said it plans to launch an expanded version of its flagship streaming service early next year, leveraging the catalog of programs created by last year’s merger of Viacom and CBS.
Now known as CBS All Access, the service will be rebranded Paramount+, after ViacomCBS’s Paramount movie studio. It will relaunch with a slate of original shows exclusive to Paramount+, including “Lioness,” a spy drama from “Yellowstone” creator Taylor Sheridan, and “The Offer,” a scripted series about the making of the mafia saga “The Godfather.”
ViacomCBS didn’t disclose pricing details or specify whether it would show ads to Paramount+ subscribers. CBS All Access costs $5.99 a month with ads and $9.99 a month without.
Paramount+ will compete for streaming subscribers in a bustling marketplace that includes
as well as newcomers such as
Walt Disney Co.
HBO Max and
On Tuesday, Comcast Chief Executive Brian Roberts said during an investor conference that Peacock has 15 million sign-ups. A spokesman for Comcast declined to say how many of those are paying subscribers. Comcast customers can access Peacock at no charge, though customers of other providers must pay a monthly fee.
Paramount+ will be the exclusive home of a rebooted version of the long-running MTV show “Behind the Music” and “The Real Criminal Minds,” a true-crime documentary series based on CBS Television’s “Criminal Minds.”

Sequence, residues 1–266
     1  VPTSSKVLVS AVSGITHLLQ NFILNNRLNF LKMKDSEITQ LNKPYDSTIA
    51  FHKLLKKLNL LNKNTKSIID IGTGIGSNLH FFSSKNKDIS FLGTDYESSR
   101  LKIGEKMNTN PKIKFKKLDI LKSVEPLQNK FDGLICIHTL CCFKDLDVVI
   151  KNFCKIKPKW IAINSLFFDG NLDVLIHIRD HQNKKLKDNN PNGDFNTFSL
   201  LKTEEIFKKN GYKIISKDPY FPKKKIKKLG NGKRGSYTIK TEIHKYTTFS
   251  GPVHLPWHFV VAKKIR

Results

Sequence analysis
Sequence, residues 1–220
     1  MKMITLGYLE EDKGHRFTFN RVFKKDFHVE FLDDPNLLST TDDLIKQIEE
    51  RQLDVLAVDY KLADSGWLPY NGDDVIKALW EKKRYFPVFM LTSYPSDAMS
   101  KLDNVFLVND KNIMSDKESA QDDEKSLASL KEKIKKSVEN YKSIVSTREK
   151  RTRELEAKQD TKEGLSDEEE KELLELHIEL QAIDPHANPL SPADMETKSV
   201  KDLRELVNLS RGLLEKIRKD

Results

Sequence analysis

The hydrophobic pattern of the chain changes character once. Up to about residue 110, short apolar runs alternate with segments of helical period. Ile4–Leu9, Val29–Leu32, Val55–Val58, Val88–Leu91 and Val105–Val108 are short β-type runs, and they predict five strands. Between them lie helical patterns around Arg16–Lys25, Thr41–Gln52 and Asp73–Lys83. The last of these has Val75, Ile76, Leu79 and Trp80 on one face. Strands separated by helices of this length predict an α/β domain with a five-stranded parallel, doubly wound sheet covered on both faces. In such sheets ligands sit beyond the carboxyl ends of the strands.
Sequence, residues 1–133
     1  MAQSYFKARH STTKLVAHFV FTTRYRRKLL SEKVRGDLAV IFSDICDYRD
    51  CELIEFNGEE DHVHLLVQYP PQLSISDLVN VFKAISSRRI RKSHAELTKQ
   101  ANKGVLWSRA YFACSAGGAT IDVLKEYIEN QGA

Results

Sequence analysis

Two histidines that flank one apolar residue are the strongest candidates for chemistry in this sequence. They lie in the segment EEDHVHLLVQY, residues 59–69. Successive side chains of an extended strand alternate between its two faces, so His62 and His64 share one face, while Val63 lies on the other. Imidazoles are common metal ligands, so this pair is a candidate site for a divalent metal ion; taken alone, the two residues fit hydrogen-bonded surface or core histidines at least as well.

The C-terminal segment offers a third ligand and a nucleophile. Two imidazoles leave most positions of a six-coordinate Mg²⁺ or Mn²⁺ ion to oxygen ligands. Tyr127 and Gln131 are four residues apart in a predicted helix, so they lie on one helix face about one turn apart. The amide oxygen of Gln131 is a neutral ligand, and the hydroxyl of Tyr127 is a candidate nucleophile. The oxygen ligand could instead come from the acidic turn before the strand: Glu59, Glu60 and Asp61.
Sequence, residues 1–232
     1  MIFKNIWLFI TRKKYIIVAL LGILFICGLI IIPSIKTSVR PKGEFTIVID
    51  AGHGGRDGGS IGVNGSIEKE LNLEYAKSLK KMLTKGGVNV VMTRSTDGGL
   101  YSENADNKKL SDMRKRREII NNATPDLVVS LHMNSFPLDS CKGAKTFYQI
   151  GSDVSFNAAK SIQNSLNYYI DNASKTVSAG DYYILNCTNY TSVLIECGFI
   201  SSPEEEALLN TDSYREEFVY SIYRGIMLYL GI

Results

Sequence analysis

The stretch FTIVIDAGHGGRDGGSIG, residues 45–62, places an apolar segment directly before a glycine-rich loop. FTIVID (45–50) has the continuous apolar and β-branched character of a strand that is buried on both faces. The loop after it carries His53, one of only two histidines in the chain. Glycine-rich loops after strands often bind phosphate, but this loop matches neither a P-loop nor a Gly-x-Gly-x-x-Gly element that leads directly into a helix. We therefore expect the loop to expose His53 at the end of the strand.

Paramount+ will also offer the existing library of shows, movies and live TV programming now on CBS All Access, which includes news, National Football League games and drama series such as “The Good Fight” and multiple installments of the “Star Trek” franchise.
Showtime, the premium cable channel and streaming service owned by ViacomCBS, won’t be integrated with Paramount+ in the U.S., according to a company spokeswoman, but Paramount+ subscribers in Australia, Latin America and Nordic countries will have access to some Showtime shows.
Paramount+ is a priority for ViacomCBS, which is trying to catch the rising tide of direct-to-consumer streaming while navigating the decline of paid television. In August, ViacomCBS said it had 16.2 million domestic paid streaming subscribers in the U.S., up 72% from a year earlier, and 26.5 million domestic monthly active users of its advertising-supported Pluto TV streaming service, up 61%. The company said that its domestic streaming and digital-video business grew 25% to $489 million in the quarter ending June 30.
More growth will be in the coming years to offset declines in the company’s cable business, which includes properties such as MTV, Comedy Central and Nickelodeon. About 2 million U.S. households cut the cable cord in the second quarter of 2020, according to analyst firm MoffettNathanson.
When Viacom announced its merger with CBS last year, a major selling point of the deal was a combined catalog of shows and movies that it could sell directly to consumers.
Even as it built its own streaming services, ViacomCBS has licensed some of its most popular shows and movies to rivals. Last year, HBO Max bought the rights to Comedy Central’s “South Park” in a deal worth around $600 million, The Wall Street Journal reported. In July, NBCUniversal announced it struck a deal for Paramount films including “The Godfather” trilogy, “Catch Me If You Can” and “The Talented Mr. Ripley” for an undisclosed amount.
Write to Benjamin Mullin at Benjamin.Mullin@wsj.com
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